A great deal changed between 1600 and 1650, though, and the architectural disadvantages of the fortress became more and more apparent.  When Cromwell invaded Ireland, he came with lighter and more maneuverable guns that could be brought into range quickly and more easily than the mammoth siege weapons of the past.  Also, the new guns were actually being aimed, which sounds simple but was actually a departure from tradition.  A great deal of thought had been put into cannon warfare by the British, especially by the Englishman Nathaniel Nye. A science had arisen around the triangulation and mathematics of gunfire.  Instead of just lining up guns and hoping to hit something, Cromwell was battering fortresses with a smidge of accuracy.
Cahir remains one of Ireland's best preserved castles because - in short - they gave up at the right time.  Cromwell's forces were much stronger and more modern than anything the Irish had encountered up to that point, and the castles he was conquering weren't designed to hold up against gunpowder weapons.  High towers, square angles, a tall keep; what had been effective against previous generations of assailants were now a liability.  Large guns could attack from a greater distance, out of range of the castle's own weapons.  The high crenelations that had once provided a height advantage now made for especially large targets. Tall towers could be knocked down fairly easily, presenting the defenders with an additional danger of falling stone. Thin, walk-along ramparts offered no room to maneuver cannon, and so the garrison inside had to rely on antiquated crossbows and scattershot, underpowered muskets. Despite being somewhat "modernized," the Irish stewards hadn't really addressed any of these issues. Cahir was, in the 17th century, a dinosaur.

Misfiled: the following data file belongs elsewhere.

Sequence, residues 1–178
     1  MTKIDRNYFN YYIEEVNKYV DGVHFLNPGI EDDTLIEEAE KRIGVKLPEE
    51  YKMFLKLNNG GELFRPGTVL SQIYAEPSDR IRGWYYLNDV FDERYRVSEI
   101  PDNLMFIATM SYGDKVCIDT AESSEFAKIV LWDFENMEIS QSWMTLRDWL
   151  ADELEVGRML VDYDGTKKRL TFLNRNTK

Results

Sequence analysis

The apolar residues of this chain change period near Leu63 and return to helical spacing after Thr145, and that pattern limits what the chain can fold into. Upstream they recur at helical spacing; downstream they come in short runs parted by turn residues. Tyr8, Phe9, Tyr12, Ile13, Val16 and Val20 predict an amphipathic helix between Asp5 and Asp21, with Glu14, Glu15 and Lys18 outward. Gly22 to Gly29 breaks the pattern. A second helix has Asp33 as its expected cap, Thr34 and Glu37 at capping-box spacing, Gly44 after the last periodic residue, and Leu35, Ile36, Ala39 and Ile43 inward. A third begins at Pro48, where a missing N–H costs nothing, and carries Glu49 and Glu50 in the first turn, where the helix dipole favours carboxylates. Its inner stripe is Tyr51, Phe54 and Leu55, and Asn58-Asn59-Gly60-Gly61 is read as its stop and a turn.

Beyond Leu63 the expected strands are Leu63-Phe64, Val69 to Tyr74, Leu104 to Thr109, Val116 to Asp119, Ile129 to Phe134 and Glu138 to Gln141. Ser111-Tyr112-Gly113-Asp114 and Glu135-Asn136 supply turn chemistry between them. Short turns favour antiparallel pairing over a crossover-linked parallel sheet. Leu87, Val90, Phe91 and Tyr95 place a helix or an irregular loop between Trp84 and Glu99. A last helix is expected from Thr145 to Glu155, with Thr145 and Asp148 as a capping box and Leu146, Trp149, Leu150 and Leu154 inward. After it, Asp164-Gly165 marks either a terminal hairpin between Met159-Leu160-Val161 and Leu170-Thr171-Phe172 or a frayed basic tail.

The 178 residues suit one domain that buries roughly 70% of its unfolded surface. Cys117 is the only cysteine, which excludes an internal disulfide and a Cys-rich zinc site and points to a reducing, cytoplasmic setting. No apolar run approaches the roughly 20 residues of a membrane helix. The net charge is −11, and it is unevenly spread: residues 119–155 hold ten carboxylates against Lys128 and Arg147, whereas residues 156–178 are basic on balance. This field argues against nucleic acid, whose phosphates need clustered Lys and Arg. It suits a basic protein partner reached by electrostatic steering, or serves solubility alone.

The motley group of conscripts who were defending Cahir had never seen cannon, and were terrified of what might happen to them if Cromwell did attack.  They gave up quickly and the Governor of Cahir turned over the fort to the English without a fight.  It's lucky for us castle enthusiasts.  Other Irish forts didn't fare nearly as well.
In all, some one hundred fortresses were destroyed by Cromwell during his campaigns.  He blew them up for harboring Royalists or ordered them "dismantled" so that they couldn't be used by the opposition.  Some see Cromwell's reign as the true end-point for the medieval castle in Ireland and Britain - the older style fortresses were simply out of date.
Cahir is now - as it has been since it surrendered - a very peaceable place.  It's hard to call it peaceful, because of the traffic that booms through town and over the castle bridges, but the setting is pleasant and the walls are sunny.  Ducks and swans paddle in the river-bend, a small farmers market was happening when we visited.  Cahir town is a pretty, colorful collection of old houses and pubs.  One can't help but think that the town is better off for having given up - they still have a castle, at least.